The good news: venture is crashing. It’s time to seed again

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TL;DR – we are facing (another) economic downturn. But every cloud has a silver lining. This time the downturn provides the opportunities to start seeding startups again in a sane and financially-viable way.

The venture downturn is here” scream the headlines. “Tech’s new season of shrinking”, say the financial articles. Financial analysts do their usual job and spout doom and gloom predictions for the tech market (Business Insider: “The tech industry is bracing for a historic slump”). Me? I sit back, look at the markets, and smile. It’s my favorite time again. It’s seeding time.

Anyone actively involved in venture investing can skip to the next paragraph, but if you’re still here let me give you a brief recap of the startup funding journey. The average startup would start its life with a seed/pre-seed/angel investment. A small (relative term, I am aware) investment that will allow it to reach its first major milestone before raising more substantial rounds of capital to fuel growth (known as the ABC rounds). For this stage I will use the all-encompasing term “seed investing”.

In recent years, with tech booming, seed investing has been upturned. Seed rounds have ballooned in size from an average of $1.7M in 2010 to an average of $4.6M in 2021, while the total number of investments (i.e., companies raising money) has shrunk.

Source: CrunchBase

The reasons for that are obvious. With more money flooding the market, VCs raise bigger funds, and bigger funds prefer to invest in later stage companies. Later stage companies, flushed with cash, recruit talent aggressively, raising salary costs, and draining the talent pool in the major tech ecosystems. This, in turn, means less incentives for talented entrepreneurs to leave cushy jobs to start a new (and risky) venture, and a major cost hike in recruiting talent for early-stage companies. As a result, seed stage companies require more capital to hire and seed rounds grow while the number of seed rounds decrease. Just to put some perspective behind this process, between Q1 of 2021 and Q1 of 2022, total seed investment amount grew by 45% while then number of deals decreased by 33%!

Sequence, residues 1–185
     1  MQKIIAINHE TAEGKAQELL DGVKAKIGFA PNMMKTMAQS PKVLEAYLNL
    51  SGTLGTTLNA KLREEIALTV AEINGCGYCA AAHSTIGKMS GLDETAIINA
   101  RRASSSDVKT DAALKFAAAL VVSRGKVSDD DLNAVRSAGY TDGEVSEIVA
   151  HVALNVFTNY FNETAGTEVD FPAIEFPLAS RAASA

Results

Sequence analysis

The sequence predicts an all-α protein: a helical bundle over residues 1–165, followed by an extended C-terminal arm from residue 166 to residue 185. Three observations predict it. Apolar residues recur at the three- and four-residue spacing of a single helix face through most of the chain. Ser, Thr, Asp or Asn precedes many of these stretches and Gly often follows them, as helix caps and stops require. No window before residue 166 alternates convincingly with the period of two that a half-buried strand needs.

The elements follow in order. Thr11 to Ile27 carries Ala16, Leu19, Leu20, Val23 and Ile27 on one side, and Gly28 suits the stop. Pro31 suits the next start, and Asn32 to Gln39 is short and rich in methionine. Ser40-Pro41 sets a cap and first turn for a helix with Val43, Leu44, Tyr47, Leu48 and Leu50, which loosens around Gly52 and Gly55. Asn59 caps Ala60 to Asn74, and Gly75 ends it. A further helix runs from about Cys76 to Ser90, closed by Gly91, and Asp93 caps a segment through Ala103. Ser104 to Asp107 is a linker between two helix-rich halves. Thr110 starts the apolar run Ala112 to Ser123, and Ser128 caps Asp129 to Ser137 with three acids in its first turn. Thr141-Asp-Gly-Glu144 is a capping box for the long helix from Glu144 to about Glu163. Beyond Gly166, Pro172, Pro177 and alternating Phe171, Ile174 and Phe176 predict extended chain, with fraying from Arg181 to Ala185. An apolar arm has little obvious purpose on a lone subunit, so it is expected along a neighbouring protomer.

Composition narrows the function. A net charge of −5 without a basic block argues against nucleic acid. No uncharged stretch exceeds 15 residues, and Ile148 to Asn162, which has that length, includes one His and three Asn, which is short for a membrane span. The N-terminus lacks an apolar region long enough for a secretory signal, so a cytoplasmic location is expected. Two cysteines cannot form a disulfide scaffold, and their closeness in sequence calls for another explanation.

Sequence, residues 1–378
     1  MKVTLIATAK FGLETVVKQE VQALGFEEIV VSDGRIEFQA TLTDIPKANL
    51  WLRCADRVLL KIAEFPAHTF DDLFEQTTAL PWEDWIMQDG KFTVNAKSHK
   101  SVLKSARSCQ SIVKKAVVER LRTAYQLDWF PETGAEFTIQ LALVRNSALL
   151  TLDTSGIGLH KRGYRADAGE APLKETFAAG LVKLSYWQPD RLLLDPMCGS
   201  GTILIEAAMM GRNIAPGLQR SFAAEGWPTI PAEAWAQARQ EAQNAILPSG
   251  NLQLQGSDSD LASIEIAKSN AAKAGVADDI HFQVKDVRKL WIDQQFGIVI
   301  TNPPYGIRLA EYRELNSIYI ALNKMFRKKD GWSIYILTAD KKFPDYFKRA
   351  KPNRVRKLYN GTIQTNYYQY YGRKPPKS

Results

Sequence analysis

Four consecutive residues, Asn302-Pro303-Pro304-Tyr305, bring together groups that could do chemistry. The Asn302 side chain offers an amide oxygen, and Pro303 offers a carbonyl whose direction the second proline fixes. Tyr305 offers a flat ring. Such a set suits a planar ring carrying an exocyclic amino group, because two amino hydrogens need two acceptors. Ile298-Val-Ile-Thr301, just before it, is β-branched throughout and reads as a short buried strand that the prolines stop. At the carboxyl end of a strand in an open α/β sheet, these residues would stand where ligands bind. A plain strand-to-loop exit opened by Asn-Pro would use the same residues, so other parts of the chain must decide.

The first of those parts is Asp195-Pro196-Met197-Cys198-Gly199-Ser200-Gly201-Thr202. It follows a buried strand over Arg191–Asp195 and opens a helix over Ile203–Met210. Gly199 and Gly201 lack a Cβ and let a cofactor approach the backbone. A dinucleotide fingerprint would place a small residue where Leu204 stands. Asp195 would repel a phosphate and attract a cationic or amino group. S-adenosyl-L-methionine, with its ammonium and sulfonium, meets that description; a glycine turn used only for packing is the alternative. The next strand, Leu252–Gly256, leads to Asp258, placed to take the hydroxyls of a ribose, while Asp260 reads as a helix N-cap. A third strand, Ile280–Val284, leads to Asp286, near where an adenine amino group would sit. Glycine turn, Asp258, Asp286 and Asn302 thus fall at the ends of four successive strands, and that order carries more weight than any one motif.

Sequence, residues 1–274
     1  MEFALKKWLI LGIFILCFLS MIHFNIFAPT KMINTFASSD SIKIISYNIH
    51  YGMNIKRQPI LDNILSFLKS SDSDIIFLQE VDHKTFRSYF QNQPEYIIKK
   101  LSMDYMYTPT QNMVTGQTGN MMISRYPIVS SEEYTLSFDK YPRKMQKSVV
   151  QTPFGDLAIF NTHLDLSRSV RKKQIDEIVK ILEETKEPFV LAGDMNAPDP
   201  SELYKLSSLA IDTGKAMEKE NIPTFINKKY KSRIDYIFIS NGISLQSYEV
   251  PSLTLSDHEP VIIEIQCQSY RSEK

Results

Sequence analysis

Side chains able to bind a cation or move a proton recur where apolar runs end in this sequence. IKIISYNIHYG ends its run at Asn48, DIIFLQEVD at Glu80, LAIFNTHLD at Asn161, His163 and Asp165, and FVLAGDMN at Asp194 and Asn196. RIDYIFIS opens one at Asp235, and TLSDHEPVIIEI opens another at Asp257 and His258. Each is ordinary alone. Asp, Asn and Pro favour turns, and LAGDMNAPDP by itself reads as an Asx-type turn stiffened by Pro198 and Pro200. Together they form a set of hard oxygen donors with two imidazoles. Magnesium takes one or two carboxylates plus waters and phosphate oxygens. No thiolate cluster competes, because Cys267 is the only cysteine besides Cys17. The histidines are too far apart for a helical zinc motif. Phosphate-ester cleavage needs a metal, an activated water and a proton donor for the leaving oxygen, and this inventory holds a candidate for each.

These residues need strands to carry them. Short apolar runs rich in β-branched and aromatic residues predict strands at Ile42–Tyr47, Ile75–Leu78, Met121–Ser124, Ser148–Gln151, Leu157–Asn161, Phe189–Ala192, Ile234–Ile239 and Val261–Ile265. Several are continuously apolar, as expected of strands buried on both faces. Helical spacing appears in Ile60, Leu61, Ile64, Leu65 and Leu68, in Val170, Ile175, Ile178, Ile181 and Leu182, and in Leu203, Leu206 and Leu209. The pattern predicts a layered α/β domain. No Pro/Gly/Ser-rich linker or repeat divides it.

Source: crunchbase

For VCs this is bad news. To quote the article that provided one of the charts above: “’The imbalance between supply and demand has pushed round sizes and valuations to a point where investors are no longer rewarded for the risk they take, and seed rounds are now done at Series A prices and sizes from three years ago,’ Jeff Clavier of Uncork Capital”. So it’s no surprise that enthusiasm for seed stage investments has waned.

For early-stage startups this was even worse news. The snowball effect is that while VCs may have invested larger sums in seed stage companies, they required them to be more mature and provide more aggressive KPIs. Which, in turn, meant less companies fit the VC seed-stage mold and less seed investment rounds. Rinse and repeat.

But now the wheel is turning, again. Just like in 2000 and 2008, a downturn is coming, and VCs are pulling back from the larger deals, tech companies are laying off staff, and the future is looking rosier for sane, seed-stage investments.

Don’t believe me? Look at the numbers from the last turn, as published by (again) crunchbase.

Source: crunchbase

In the years following the 2008 downturn, the number of seed funding rounds tripled while the number of later stage rounds remained virtually unchanged. These seed investments are the reason for the current tech boom and the existence of so many unicorns.

So what happens next? I am not a prophet, but based on past experience (I have been involved in startup on and off for over 20 years), a lot of talented people will find themselves out of work or stuck in a tech company that is stagnating, and will start developing their own thing. These new entrepreneurs will be able to gather teams around them from other talented people who have found that the beer taps (or organic yogurt fridge) in their previous company have run dry. We’ll see a new boom of companies seeking smaller funding amounts to get to market. We’ll see seed stage opportunities again. The flood gates will open. Today, my friends, is a good time to start a seed-stage fund.

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